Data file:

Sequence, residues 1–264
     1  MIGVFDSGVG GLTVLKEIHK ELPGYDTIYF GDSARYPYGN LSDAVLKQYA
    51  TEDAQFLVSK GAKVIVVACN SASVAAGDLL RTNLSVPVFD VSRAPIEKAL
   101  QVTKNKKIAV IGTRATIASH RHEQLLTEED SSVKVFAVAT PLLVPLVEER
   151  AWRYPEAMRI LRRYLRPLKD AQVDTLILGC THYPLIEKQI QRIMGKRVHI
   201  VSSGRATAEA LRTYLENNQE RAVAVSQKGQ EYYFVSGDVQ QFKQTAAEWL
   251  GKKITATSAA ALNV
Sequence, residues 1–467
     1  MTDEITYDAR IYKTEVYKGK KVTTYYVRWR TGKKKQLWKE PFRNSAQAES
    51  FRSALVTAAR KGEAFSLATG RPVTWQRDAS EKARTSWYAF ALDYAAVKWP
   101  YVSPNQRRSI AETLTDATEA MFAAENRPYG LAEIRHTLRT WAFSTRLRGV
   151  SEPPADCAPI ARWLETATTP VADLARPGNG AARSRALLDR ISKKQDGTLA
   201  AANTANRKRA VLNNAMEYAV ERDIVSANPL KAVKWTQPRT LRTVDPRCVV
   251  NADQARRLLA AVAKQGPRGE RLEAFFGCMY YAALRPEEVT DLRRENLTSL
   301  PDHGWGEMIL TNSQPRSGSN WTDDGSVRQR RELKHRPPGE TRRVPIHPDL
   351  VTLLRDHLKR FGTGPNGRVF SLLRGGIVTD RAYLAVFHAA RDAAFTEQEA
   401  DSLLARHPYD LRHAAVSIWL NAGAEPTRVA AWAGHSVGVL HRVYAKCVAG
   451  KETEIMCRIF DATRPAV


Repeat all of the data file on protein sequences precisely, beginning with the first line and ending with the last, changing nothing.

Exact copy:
Sequence, residues 1–264
     1  MIGVFDSGVG GLTVLKEIHK ELPGYDTIYF GDSARYPYGN LSDAVLKQYA
    51  TEDAQFLVSK GAKVIVVACN SASVAAGDLL RTNLSVPVFD VSRAPIEKAL
   101  QVTKNKKIAV IGTRATIASH RHEQLLTEED SSVKVFAVAT PLLVPLVEER
   151  AWRYPEAMRI LRRYLRPLKD AQVDTLILGC THYPLIEKQI QRIMGKRVHI
   201  VSSGRATAEA LRTYLENNQE RAVAVSQKGQ EYYFVSGDVQ QFKQTAAEWL
   251  GKKITATSAA ALNV
Sequence, residues 1–467
     1  MTDEITYDAR IYKTEVYKGK KVTTYYVRWR TGKKKQLWKE PFRNSAQAES
    51  FRSALVTAAR KGEAFSLATG RPVTWQRDAS EKARTSWYAF ALDYAAVKWP
   101  YVSPNQRRSI AETLTDATEA MFAAENRPYG LAEIRHTLRT WAFSTRLRGV
   151  SEPPADCAPI ARWLETATTP VADLARPGNG AARSRALLDR ISKKQDGTLA
   201  AANTANRKRA VLNNAMEYAV ERDIVSANPL KAVKWTQPRT LRTVDPRCVV
   251  NADQARRLLA AVAKQGPRGE RLEAFFGCMY YAALRPEEVT DLRRENLTSL
   301  PDHGWGEMIL TNSQPRSGSN WTDDGSVRQR RELKHRPPGE TRRVPIHPDL
   351  VTLLRDHLKR FGTGPNGRVF SLLRGGIVTD RAYLAVFHAA RDAAFTEQEA
   401  DSLLARHPYD LRHAAVSIWL NAGAEPTRVA AWAGHSVGVL HRVYAKCVAG
   451  KETEIMCRIF DATRPAV